AUGUSTA, GA. – Justin Harding spent much of Thursday at the top of the Masters leaderboard. If that seems like a strange place to find him, consider the strange path he took to make his Masters debut.
Since last year’s PGA Championship, the South African has played in Australia, China, Dubai, Hong Kong, Indonesia, Japan, Kenya, Malaysia, Mauritius, Oman, Qatar, Saudi Arabia, Singapore, South Africa, South Korea, Taiwan and the United States.
He surged while traveling, qualifying for the Masters by climbing into the top 50 of the World Golf Rankings. A year ago, he was playing in the Zanaco Masters in Zambia. Thursday, he found himself briefly tied for the lead at the Not-Zanaco Masters in Augusta, Ga.
He birdied the difficult first hole. “I wanted to stop after one,” he joked.
Instead, using a long putter, he birdied the first, third, sixth, 15th and 17th holes to shoot a 69.
“I’ll take it and run if I can — we’re not allowed to run here at Augusta,” Harding said. “But I’m pleased.”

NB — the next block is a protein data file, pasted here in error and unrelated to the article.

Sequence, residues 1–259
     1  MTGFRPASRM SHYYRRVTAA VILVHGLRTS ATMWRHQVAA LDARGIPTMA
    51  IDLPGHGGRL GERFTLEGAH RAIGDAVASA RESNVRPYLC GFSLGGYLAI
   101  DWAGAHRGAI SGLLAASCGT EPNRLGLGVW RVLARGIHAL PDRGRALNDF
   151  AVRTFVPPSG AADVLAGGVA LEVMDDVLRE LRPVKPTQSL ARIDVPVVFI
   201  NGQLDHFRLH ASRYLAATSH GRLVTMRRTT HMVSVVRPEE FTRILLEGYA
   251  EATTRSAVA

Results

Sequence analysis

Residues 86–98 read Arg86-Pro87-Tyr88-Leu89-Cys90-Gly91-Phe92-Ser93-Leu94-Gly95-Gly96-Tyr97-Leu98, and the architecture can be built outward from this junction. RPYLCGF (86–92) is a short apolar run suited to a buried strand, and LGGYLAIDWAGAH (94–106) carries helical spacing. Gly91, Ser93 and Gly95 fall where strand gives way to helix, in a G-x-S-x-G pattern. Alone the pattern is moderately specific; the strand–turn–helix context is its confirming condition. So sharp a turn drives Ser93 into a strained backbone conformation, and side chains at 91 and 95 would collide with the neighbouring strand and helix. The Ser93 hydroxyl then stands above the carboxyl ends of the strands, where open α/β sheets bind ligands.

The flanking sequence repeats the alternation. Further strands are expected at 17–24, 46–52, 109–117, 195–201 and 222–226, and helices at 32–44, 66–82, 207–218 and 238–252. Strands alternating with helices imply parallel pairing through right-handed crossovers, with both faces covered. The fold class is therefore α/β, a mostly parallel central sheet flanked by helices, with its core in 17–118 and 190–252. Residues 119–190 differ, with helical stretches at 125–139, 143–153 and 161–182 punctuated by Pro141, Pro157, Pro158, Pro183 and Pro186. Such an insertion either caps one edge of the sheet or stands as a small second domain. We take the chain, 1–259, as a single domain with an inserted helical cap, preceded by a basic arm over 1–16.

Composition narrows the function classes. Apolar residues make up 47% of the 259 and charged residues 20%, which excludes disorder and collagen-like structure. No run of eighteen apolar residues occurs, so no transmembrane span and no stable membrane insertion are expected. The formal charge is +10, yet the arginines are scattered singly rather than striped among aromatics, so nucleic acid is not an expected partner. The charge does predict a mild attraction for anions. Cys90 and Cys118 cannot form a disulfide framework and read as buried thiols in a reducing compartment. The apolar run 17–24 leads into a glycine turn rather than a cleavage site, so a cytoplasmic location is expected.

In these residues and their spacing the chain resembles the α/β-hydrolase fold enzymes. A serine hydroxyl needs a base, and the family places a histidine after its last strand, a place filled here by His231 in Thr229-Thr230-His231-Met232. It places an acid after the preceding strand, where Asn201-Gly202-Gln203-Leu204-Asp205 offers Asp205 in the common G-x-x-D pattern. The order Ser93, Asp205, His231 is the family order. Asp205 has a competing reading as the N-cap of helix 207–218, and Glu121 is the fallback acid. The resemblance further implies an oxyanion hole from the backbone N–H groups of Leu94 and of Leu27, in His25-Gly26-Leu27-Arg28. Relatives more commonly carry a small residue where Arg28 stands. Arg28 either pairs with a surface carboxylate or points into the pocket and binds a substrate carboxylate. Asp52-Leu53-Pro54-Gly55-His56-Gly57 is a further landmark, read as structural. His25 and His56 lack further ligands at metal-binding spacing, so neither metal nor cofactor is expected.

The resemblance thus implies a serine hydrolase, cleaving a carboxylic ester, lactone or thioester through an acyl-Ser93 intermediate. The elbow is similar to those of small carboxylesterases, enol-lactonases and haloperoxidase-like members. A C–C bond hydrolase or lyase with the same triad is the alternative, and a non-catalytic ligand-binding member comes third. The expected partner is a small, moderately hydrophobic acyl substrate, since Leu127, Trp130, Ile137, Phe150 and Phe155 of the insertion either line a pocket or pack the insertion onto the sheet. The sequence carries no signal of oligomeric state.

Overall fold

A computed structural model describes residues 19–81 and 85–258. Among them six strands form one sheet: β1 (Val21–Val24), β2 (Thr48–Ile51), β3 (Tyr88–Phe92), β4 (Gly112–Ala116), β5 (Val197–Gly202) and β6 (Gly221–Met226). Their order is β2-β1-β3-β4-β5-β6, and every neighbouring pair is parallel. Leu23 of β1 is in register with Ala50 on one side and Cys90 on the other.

With most of the tourney’s big-name players teeing off in the late morning or the afternoon, the early leaderboard looked like something from the Web.com tour. Harding’s 69 held up well even once the world’s best started attacking the back-nine par 5s.
Harding was ranked 712th in the world at the end of the 2017 season. He has won five times since, including a victory at the Qatar Masters last month, giving him his first title on the European Tour.
When he finished second at an event in Kenya last month, he moved from No. 85 into the top 50, making him one of the last players to qualify for the Masters.
He doesn’t always get to play in places that offer pimento cheese sandwiches.
Harding has won on the Sunshine Tour and on the Asian Tour, and says managing his nerves and aggressiveness helped him become a winner — and helped him on Thursday.
“I handled the emotions of the day quite well, better than expected, and, yeah, just kind of worked my way in,” he said.
A slew of big-name players passed him in the afternoon, leaving him in a massive tie for sixth at 3 under par. “It’s pretty much how I’ve been playing for the last, let’s call it, 15 months,” he said. “I’m seeing the golf course for the first time almost every week. So I’m not taking any real demons, any bad shots or bad memories into them, I suppose.”
He bogeyed the 18th, calling that result “naughty.” The rest of his round, his golf ball was quite well-behaved.